What should be my next step in getting my property taxes paid? I've been assessed late fees and other fees even though I had sufficient funds in my escrow account. It seems like this was a simple problem that should have been easily fixed.

Answer: You're correct; EMC should have properly handled the disbursements from your escrow account. However, to obtain the complete closure you wish to obtain regarding this matter, we recommend that you do one of two things:

  • Go down to the county tax office in person with all your documents, and show the individual to whom you are assigned your evidence; or
  • Pay the taxes and take the lender to small claims court if your claim is under $5,000; or,
  • Place a conference call between the tax office and EMC. You will need to inform both entities what you are going to do to make sure you have people on each end who can take appropriate action.

Remember, however, that EMC has already "washed its hands" of further involvement, so this recommendation is a distant second to our first two suggestions.

Question (TN): Help! We were so excited when we started investing in real estate in 2005. We bought one nice house and sold it locally and made some profit. Then we invested in two condos at Myrtle Beach, SC. We sold one for a $50,000 profit. In the meanwhile we bought another due to the success of the first. We also bought two houses in the Southport area, which was appreciating 30 to 40 percent at the time. We also invested in a house at Cape Coral in what we and many others thought was a no lose proposition.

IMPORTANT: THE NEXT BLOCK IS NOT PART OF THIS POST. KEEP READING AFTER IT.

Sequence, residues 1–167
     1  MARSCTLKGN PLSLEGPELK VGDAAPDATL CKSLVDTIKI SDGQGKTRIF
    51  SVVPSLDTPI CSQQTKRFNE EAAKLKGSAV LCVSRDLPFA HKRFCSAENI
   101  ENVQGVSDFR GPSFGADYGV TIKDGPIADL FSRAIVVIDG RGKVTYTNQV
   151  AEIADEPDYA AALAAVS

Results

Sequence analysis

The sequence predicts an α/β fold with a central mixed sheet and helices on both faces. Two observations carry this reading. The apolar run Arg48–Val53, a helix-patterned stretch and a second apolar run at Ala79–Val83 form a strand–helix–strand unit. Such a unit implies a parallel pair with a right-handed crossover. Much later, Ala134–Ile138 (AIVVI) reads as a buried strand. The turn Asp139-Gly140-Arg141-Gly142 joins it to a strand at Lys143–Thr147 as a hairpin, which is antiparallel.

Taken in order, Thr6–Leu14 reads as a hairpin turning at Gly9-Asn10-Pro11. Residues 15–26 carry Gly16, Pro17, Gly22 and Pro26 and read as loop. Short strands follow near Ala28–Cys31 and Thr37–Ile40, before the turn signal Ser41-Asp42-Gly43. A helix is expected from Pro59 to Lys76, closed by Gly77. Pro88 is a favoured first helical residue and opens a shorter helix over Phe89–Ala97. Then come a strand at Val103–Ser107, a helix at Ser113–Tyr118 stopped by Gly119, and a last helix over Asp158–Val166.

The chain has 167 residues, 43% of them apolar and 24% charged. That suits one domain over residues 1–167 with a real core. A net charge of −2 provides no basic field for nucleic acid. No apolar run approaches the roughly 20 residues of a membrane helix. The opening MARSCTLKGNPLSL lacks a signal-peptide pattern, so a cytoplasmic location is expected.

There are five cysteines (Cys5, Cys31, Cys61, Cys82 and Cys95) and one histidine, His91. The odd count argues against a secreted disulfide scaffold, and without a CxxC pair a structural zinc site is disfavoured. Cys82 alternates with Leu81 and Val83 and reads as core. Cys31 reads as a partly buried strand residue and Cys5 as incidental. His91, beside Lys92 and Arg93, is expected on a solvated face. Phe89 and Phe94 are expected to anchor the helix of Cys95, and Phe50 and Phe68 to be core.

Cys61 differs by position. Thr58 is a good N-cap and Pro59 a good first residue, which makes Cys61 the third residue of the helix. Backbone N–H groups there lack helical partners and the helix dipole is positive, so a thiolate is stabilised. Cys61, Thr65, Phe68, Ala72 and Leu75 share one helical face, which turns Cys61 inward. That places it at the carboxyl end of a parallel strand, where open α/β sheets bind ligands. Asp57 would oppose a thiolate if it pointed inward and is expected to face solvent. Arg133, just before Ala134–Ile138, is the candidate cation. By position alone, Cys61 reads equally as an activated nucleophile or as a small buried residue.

Last April we could have sold the second of the first pair of condos for $89,000 profit, but we wanted to wait a year which would have been May 2007, for tax purposes. You can probably guess what happened after that as to our situation with the market. What make matters worse with the Florida house is that it was supposed to be a construction-to-perm loan but the lender changed its mind as the appraisal was inflated about $100,000.

What is your advice when we know we can't sell anything for what we paid for it, and it is driving us down even more by trying to keep up with the mortgage payments, HOA assessments, and other carrying costs. Due to the market it is hard to even get renters or renewals and if we do, the renters are not willing to pay as much as this time last year.

We would appreciate any help. What we thought was going to give us financial freedom has drained us to the point I have had to use the money that my mother left me which is devastating to me.

Answer: This will not be much consolation to you, but many investors are now facing the same financial problems you are facing. This comes from charging ahead with real estate purchases based upon hearsay and one or two huge profits made from sales without paying attention to sound, professional investment advice from folks who are paid to exercise caution when dealing with your assets.

If you can, we suggest that you hold on to the real estate until the market shifts and you can sell without booking a loss. If, as you state in your email, you are not able to do that, then one or more of the following are your choices:

  1. Hire a professional financial advisor to provide advice based upon your total financial picture (you should do this anyway);
  2. Rent out the real estate even for a reduced amount that you can afford in order to protect the drain on your cash;
  3. Sell and cut your losses;
  4. Look into declaring bankruptcy.

As general rules regarding any kind of investment of discretionary income or inheritance, we suggest the following:

  1. In the stock market or in real estate, the Bears sometimes win, and the Bulls sometimes win, but Pigs always get slaughtered;
  2. Never invest more than you can comfortably afford to lose if the market should fall precipitously; and,
  3. Always base your investment decisions upon demonstrable facts not marketing hype.